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Davis, California

Sunday, April 14, 2024

Senate candidate endorsement interview: Jonathan Iniguez

The California Aggie: Can you introduce yourself — your name, your year, your major and your pronouns?

Jonathan Iniguez: Nice. My name is Jonathan Iniguez. I’m a third-year — I’m a transfer student. I’m a political science major. His and him are my pronouns.

TCA: And then are you running on a slate? 

JI: Yes, I’m running on a slate. I’m running on [the] Thrive slate.

TCA: Okay, and why did you choose Thrive?

JI: I chose Thrive just because I — before I started to run, or decided to enter the election, I kind of liked the way that Thrive’s message is about every Aggie matters, and that’s something that I felt like I could really relate to, just because I felt like every person’s voice matters. Especially because they have a mental health awareness on there and something that I’m very — that’s something that I’m actually running on. One of my platforms is for mental health — our own viewpoints, our missions were kind of together.

TCA: And then, speaking about platforms, could you go into your platforms and explain how you plan to accomplish them?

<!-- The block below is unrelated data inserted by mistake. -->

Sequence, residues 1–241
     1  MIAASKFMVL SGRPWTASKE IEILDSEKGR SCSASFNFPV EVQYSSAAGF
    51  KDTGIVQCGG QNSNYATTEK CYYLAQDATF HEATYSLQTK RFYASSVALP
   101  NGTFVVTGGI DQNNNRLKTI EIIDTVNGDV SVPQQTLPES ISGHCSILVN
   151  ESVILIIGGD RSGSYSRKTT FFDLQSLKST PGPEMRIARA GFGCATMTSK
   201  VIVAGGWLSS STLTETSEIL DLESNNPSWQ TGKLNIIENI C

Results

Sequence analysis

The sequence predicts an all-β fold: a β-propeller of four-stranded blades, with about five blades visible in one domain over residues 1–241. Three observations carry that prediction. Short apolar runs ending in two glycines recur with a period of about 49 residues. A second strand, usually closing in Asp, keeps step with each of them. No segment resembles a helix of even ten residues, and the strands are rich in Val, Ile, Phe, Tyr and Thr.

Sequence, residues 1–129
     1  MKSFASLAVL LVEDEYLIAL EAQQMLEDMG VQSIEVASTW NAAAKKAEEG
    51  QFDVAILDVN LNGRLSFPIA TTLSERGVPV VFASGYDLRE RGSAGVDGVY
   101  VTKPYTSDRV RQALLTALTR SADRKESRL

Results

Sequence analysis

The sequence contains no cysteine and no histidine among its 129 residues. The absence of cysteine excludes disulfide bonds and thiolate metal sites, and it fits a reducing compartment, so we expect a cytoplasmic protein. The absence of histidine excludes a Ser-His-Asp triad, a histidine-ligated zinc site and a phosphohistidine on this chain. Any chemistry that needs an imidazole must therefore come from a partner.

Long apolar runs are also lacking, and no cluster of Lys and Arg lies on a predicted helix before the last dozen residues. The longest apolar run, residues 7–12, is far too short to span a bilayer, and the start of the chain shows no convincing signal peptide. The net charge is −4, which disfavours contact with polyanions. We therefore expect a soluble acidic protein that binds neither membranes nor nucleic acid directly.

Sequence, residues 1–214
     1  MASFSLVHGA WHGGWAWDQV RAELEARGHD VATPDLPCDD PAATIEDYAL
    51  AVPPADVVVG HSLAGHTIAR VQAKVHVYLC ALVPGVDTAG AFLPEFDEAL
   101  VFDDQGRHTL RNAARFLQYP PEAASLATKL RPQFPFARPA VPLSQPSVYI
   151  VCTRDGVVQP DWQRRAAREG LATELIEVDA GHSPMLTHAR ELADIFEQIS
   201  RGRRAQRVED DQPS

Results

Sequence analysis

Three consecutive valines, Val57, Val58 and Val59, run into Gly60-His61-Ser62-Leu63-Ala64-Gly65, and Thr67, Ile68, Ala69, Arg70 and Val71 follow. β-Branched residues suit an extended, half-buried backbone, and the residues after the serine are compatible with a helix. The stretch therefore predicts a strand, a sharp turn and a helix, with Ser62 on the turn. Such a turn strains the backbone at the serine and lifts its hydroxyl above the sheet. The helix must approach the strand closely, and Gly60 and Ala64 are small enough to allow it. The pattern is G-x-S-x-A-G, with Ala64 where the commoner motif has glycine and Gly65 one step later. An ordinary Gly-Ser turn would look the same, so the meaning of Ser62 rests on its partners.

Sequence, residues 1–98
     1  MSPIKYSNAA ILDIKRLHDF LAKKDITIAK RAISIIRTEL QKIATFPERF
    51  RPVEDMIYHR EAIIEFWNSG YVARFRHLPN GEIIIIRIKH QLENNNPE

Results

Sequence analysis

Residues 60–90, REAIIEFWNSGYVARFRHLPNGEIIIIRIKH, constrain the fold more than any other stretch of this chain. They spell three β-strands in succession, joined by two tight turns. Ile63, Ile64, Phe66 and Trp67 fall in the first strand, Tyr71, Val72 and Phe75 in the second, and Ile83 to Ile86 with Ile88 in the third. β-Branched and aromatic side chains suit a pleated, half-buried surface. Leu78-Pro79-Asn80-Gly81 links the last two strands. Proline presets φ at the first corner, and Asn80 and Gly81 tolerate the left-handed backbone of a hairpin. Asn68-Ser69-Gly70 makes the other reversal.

JI: Sure. My first platform, it’s on safety — campus safety. The reason I’m choosing campus safety is because the first semester that I’ve been here, I mean the first quarter that I’ve been here, I’ve noticed that we have the emergency blue lights around campus. But something I’ve noticed is that they are in heavily dense student populations, like the library and the MU. But I’ve noticed that there’s not emergency blue lights around areas of campus where there’s not a lot of students, because students have to walk home at night. So for example, like right now that it’s spring, the sun doesn’t — the sun goes down like around six o’clock. Students that finish class at like eight, nine o’clock, students that are riding their bike or walking home, to have some type of forum to reach someone in case they need an emergency. Just because they’re so — that they’re so far apart — that if someone does have an emergency, how are they going to reach that emergency call on time without them getting harmed or anything like that? So that’s one of my platforms. My second platform is actually mental health awareness as well. I think that mental health awareness is very, very important. Actually, myself, I felt like I dealt with mental health during community college. I felt like it was a rough patch to me. So just knowing and being able to accomplish and being able to escape our mental health is something that I’m really passionate for. The way that I want to help that out is by letting students know that it’s okay to talk about it. Trying to — like posters, flyers in classrooms, letting them know that it’s okay to talk. See if we could write legislation, or some type of bill that we could finance to have a number in case students just want to call and say, ‘You know, I’m not going to go out today,’ because they don’t feel comfortable — just because a lot of them are transfer students or a lot of are freshmen. You don’t feel comfortable talking to a lot of people you just met. So, I actually have a friend who’s a freshman. He’s very homesick. So I talk to him every once in a while, he doesn’t really feel like he has a chance to talk to anybody — so that’s something I thought about. My last platform that I’m running on is campus management and development. The reason I chose this is because I’ve noticed that as I ride my bike and try to look for parking, but yet parking is so limited just because there’s a lot of bikes that look like they were left over for like six months to like over six months just because of the dust accumulation on the bikes. So my goal would be to work with [the] External Affairs committee and try to get that resolved. And this is something people complain about: There’s not enough parking. But I think there is enough parking, it’s just the space available. And also I wanted to work on filters for the water hydration systems. Sometimes I’m trying to fill up my water bottle and you see the filter is like red. So I want to make sure that all that is kept up to date because students here during finals or midterms, they don’t want to walk a lot of places just to get to hydrate themselves. So especially when you walk to a hydration station and you see that the filter needs to be replaced, I don’t feel comfortable. And you kind of feel like you’re just drinking sink water. And I don’t — I think everybody kind of feels the same way. So it’s my goal to be part of and try to get that fixed. I’m trying to get goals that are attainable, not goals that I want to promise people, and that are going to be attainable if I do get elected into Senate. So those are the platforms on running on.